Brace/Rear Strut Kit
Brace Kits hold your bimini top up and out of the way when folded. Braces also give your bimini a more stable position when open. Brace kits come with two braces and mounting hardware that works seamlessly with your bimini top.
Slide tracks mount to the gunwale of your boat and allow your bimini top to slide into a more convenient, horizontal storage position. Bimini top slide track kits come with two tracks and all the necessary mounting hardware.
Bimini Top Storage
Will my bimini top lay down flat?
Standard 2, 3, and 4 bow bimini tops come with mounting brackets that allow the bimini to lay flat when not in use. Optional Brace Kits are specifically designed to hold your bimini top up and out of the way when it's folded and not in use. As an alternative to braces, Slide Tracks allow a retracted bimini top to easily slide into storage position.
Bimini top towers can also be folded down or removed for storage.
When I lay my bimini top down, where will it land on my boat?
When you lay your bimini top down, it will elongate. This is due to the way the metal bows nestle together. If you intend to fish from your boat while your bimini top is down—or if you have other equipment stored in your boat—this could cause an issue with space. Below we list each Carver bimini top height, and how long that top will be from the mounting point to the top of the canvas when it is laying down flat in your boat.
- 30" Tall (5' Long) Bimini Top - 50" long when laying down
- 36" Tall (6' Long) Bimini Top - 55" long when laying down
- 36" Tall (8' Long) Bimini Top - 60" long when laying down
- 42" Tall (5'6" Long) Bimini Top - 62 to 64” long when laying down
- 46" Tall (6' Long) Bimini Top - 65" long when laying down
- 48" Tall (8' Long) Bimini Top - 74" long when laying down
- 54" Tall (6' Long) Bimini Top - 68" long when laying down
- 54" Tall (8' Long) Bimini Top - 80" long when laying down
- 60" Tall (6' Long) Bimini Top - 74" long when laying down
- 60" Tall (8' Long) Bimini Top - 86" long when laying down
Bimini Top Maintenance
Can I replace the fabric portion only on my Bimini top?
Yes, you can replace the fabric portion on your bimini top! To find one that works for your boat, take a look at the Carver Replacement Canvas section in our bimini top accessories.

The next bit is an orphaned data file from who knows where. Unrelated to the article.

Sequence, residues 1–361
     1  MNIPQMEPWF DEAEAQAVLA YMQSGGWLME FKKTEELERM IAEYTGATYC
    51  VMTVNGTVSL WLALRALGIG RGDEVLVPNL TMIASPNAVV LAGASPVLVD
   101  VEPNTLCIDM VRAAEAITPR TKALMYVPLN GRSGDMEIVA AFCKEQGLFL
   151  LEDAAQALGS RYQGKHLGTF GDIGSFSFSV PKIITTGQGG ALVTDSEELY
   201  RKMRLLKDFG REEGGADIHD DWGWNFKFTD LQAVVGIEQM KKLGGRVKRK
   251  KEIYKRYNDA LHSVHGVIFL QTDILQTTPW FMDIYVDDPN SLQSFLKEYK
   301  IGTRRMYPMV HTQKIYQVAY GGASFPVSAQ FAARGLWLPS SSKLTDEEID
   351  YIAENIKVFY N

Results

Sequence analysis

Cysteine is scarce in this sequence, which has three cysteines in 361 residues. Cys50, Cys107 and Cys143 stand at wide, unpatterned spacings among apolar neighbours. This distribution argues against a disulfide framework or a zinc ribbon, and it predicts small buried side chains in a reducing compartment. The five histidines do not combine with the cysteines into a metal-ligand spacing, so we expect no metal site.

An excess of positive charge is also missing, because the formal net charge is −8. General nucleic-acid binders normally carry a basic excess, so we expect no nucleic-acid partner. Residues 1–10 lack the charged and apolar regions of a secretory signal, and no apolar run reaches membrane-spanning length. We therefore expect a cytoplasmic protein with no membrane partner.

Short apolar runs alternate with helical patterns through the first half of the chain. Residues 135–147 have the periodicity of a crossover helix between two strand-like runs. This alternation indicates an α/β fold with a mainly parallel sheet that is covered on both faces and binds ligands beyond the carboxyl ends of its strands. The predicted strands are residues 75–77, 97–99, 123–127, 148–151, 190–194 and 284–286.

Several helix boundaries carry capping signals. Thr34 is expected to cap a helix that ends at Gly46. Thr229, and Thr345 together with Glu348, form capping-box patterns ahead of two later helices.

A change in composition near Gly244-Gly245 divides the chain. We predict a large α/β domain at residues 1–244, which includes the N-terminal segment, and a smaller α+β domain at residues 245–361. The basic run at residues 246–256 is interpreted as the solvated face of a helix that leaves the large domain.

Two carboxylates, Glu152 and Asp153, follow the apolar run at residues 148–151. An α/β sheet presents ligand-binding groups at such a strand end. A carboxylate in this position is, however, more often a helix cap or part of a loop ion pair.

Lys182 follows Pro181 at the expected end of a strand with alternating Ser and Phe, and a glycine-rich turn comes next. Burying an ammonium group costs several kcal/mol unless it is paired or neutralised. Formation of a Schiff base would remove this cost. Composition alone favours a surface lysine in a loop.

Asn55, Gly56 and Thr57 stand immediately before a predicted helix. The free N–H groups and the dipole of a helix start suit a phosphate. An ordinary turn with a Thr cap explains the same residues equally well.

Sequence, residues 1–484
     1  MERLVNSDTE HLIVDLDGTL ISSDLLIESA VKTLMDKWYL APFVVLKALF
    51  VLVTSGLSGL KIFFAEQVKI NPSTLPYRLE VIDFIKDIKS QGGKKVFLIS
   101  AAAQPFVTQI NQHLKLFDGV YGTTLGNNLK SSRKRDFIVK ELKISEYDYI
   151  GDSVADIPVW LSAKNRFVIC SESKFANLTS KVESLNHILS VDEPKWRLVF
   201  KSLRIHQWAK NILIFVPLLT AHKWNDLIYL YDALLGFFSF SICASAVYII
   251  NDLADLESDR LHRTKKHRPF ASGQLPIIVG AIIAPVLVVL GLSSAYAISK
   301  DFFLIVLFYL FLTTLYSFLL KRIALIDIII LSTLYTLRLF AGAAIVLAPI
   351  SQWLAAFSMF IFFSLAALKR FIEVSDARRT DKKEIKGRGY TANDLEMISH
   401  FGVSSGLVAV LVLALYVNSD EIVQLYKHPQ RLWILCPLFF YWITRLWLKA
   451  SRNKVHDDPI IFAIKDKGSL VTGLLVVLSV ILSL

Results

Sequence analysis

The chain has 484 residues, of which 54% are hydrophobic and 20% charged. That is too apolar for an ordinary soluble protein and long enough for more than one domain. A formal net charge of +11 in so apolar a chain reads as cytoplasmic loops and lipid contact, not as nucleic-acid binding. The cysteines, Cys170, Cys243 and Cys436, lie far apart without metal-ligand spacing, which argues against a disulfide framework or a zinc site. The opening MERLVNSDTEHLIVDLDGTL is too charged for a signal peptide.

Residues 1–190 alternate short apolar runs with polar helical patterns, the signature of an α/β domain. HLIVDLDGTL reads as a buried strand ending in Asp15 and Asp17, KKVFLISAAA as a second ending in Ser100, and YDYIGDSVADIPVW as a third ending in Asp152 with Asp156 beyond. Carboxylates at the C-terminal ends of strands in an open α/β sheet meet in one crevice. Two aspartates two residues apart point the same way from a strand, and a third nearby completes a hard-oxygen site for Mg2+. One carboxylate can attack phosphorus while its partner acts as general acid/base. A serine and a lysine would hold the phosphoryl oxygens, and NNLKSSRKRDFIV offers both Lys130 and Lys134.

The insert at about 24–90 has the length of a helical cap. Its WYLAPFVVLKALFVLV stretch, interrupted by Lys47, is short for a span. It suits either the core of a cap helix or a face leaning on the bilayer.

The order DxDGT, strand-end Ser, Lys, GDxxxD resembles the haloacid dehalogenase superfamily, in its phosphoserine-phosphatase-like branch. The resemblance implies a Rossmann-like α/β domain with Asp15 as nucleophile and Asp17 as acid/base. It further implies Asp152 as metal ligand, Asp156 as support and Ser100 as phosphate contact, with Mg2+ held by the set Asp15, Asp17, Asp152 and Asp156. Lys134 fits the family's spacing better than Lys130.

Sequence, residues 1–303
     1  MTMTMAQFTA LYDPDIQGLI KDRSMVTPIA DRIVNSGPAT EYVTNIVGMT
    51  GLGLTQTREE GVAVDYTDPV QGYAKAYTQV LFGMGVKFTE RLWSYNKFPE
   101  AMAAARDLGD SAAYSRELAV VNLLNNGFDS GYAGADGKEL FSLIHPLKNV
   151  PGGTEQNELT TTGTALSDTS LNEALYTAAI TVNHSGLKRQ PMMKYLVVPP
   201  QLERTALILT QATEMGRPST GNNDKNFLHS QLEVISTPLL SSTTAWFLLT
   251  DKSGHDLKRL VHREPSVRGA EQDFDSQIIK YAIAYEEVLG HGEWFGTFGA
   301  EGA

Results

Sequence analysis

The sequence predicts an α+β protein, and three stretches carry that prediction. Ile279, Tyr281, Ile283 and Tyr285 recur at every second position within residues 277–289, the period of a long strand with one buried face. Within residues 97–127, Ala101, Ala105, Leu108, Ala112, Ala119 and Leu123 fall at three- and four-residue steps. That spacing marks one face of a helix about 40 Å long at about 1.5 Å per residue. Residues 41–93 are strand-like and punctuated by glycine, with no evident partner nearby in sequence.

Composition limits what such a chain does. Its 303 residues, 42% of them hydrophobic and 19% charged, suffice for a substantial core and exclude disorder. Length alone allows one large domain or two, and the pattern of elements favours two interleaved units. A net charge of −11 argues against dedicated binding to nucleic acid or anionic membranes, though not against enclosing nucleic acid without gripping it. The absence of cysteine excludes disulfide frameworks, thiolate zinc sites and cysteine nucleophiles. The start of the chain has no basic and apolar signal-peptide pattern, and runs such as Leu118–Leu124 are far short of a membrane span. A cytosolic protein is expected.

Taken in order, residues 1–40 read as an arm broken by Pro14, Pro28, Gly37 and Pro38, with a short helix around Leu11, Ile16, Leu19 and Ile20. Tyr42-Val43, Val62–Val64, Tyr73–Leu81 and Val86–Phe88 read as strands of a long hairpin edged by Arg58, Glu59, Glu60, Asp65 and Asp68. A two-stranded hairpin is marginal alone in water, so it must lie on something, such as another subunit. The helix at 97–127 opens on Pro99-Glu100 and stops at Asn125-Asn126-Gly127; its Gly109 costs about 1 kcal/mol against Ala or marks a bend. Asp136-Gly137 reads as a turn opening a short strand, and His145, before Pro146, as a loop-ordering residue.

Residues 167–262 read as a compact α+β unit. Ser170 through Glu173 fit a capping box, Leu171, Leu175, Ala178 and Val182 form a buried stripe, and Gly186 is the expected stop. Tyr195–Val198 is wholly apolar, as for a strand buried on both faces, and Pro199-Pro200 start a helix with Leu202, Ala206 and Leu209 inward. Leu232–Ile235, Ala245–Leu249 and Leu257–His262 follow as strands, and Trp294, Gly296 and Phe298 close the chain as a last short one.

Carver's bimini top replacement canvases are made for pontoon bimini tops that measure 48" or 54" high and come in lengths of 8', 9', or 10'. The canvas is made to fit a bimini top that mounts to the boat somewhere between 91 and 102". The replacement canvas also comes with zippered sleeves and a cut-out for the running light, allowing you to easily fit it to the frame without having to remove anything.
How do I clean my bimini top?
When it comes to bimini top cleaning, there are several directions you can go. Below are two options that involve a combination of household ingredients and easy-to-follow instructions.
- 1 cup Vinegar
- 1 cup Borax
- 2 cups warm water
Mix and apply to mildew spots, letting it sit for no more than 10 minutes. Scrub with a soft bristle brush and rinse well, allowing the fabric to dry completely.
For General Cleaning
- ¼ cup Dawn dish soap
- 1 gallon water
Fully wet the fabric and then scrub it down with a soft brush or cloth, give it a good rinse, and allow the fabric to fully dry.
Get tough spots clean with Fabric and Vinyl Cleaner
Apply Fabric Guard to the clean, dry surface to protect the fabric from the elements and extend their life.
- Put in washer and dryer
- Use powerful cleaners like bleach or detergent
If you're using your bimini top in saltwater, make sure to properly clean it after each saltwater outing to prevent rust or corrosion. To clean your bimini top after saltwater use, it's best to remember a few key points.
- Hose it down to remove all traces of saltwater from the frame and canvas.
- As described above, create a mild solution of dish soap and water, then use a soft brush to clean the bimini top frame.
- You can also clean your bimini frame with a quality car chrome polish, followed by a fiberglass wax.
- Steer clear of cleaners that contain chlorine or powders/pads that are made for scouring, as you don't want to scratch the frame.
- You can use a commercial grade rust remover on your aluminum frame, so long as the rust remover is made specifically for aluminum.